Denver did a lot of things right. Their offense in the first quarter was exceptional with great ball movement even though it fell off quite a bit as the game wore on and the Lakers’ defense awoke. Despite Kobe’s large point total, they did a decent job of keeping him out of the lane for most of the game and Denver did not allow the Lakers to get many easy buckets in transition or in their early offense.
Unfortunately there were some pretty serious things that went wrong too. Even though Bynum did not play much, the Lakers still dominated in the area of offensive rebounds. The Lakers collected over 36% of their missed shots. The league average is right around 25%. Kobe proved to be too much for Dahntay Jones to handle and despite his best efforts Anthony Carter did not get the job done either. Even without trying to double much the Lakers took 25 threes and made 11 of them good for a 44% conversion rate.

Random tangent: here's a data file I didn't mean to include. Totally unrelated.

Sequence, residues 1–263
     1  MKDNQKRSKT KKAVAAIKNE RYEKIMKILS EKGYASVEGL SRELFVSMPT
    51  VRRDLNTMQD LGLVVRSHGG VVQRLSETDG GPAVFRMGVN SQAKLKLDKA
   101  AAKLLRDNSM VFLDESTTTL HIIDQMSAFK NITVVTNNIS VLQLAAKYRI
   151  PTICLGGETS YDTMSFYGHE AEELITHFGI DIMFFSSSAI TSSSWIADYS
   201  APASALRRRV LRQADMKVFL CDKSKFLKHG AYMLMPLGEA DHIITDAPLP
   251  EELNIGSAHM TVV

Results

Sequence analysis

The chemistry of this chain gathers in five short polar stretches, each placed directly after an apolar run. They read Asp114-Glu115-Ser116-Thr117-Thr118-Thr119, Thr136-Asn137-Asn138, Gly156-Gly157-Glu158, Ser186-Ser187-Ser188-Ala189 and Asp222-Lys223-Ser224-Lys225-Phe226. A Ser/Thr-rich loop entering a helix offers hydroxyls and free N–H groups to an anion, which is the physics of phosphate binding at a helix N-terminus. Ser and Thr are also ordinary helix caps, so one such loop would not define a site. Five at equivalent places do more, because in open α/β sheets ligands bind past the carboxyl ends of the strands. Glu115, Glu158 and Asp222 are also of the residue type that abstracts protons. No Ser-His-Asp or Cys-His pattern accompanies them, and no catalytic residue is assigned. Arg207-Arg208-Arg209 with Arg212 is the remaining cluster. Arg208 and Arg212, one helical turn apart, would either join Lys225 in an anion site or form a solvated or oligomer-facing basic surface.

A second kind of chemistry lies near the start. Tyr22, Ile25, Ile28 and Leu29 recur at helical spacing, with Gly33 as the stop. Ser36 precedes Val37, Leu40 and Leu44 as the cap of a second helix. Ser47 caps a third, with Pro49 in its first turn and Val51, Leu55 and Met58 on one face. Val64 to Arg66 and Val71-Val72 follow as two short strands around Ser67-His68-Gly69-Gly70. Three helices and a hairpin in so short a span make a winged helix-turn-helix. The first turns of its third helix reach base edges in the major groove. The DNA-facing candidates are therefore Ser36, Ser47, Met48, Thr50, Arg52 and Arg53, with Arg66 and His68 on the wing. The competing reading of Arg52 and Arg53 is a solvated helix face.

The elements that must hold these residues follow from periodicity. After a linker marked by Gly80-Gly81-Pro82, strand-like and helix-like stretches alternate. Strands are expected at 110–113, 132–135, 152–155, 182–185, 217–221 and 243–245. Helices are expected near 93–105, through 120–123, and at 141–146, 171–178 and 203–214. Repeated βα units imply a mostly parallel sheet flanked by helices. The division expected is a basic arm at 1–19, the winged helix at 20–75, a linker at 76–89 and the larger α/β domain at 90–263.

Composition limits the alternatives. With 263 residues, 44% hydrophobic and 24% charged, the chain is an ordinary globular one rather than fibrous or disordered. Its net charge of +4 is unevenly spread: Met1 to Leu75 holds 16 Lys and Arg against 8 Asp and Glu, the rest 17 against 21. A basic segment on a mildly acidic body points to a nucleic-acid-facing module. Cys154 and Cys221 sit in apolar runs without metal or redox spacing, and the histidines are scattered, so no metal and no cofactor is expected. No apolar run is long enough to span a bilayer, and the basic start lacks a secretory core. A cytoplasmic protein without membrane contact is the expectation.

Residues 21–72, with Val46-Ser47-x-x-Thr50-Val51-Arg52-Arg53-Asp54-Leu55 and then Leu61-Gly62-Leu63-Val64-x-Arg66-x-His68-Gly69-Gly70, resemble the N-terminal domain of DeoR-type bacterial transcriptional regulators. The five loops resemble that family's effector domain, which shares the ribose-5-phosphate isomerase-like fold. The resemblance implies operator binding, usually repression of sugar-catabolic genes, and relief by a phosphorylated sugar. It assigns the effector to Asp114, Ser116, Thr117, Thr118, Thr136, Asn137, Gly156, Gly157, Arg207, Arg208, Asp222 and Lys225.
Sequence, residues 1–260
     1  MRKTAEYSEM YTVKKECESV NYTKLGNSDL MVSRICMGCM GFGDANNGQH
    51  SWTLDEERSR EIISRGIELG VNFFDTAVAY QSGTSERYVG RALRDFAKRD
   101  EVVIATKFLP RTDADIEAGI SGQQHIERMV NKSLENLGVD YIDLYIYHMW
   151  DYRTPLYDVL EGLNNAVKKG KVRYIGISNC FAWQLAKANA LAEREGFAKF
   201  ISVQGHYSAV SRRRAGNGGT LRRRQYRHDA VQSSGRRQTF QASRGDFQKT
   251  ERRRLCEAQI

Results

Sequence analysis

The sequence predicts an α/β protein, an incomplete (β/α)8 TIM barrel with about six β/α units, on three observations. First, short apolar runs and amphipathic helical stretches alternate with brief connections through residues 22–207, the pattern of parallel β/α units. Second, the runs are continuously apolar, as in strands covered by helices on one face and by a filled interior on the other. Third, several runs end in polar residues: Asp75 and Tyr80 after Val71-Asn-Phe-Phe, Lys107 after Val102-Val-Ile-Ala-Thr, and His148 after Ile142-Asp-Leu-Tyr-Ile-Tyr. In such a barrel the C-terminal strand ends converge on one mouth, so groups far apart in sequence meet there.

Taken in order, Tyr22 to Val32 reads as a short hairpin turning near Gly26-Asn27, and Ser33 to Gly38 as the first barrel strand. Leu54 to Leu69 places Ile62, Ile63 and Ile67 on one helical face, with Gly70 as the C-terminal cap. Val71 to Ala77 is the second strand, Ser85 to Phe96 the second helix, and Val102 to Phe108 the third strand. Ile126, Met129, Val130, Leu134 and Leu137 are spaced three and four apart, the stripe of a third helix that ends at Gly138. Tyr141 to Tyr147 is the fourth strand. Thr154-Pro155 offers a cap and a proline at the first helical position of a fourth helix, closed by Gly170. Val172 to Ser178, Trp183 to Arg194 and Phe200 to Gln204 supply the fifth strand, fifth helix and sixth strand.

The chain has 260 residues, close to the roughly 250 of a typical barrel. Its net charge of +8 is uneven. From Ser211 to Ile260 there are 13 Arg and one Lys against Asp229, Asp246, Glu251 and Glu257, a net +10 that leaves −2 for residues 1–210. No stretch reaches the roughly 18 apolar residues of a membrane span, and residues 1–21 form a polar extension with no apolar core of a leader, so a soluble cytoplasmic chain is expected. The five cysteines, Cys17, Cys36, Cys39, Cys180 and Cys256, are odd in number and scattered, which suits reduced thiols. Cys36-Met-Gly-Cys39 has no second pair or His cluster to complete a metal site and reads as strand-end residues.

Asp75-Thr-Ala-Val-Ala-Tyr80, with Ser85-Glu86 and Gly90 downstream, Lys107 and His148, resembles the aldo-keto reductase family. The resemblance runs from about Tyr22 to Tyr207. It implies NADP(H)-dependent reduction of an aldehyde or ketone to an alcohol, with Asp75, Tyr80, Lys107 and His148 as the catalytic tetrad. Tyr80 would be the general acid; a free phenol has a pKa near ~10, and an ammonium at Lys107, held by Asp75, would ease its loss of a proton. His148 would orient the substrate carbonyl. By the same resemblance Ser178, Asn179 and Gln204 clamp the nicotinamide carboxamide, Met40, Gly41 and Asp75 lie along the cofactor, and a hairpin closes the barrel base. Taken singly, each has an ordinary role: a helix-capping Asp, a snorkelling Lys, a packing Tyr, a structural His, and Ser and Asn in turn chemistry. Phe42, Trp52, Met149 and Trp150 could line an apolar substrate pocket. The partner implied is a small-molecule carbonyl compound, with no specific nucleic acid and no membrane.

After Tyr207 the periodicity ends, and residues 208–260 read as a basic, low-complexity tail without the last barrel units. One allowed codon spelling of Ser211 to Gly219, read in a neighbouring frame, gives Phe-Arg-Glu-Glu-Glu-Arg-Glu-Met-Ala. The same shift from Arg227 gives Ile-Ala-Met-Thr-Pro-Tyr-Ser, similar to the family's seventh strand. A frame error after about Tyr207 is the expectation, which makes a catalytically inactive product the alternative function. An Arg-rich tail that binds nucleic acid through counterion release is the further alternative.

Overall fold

The really frightening news is J.R. Smith sprained his knee on the final play where the Nuggets were fighting to gain control of his missed free throw. The official word from the Nuggets is vague as they say his status will be updated sometime on Wednesday.
Look for additional thoughts tomorrow, or actually later today.
Watch the game live online on ESPN360!
I was intending to put together some final thoughts on the series and then post some game one insights in a game thread, but sadly we are running out of time so I am going to have to combine both into one final pre-series post.
In my previous posts I have focused on matchups such as Bynum and Gasol versus Kenyon and Nene and how Carmelo can finally break out against the Lakers, but have not paid much attention to the most important key of all and that is how the Denver Nuggets defend the Lakers.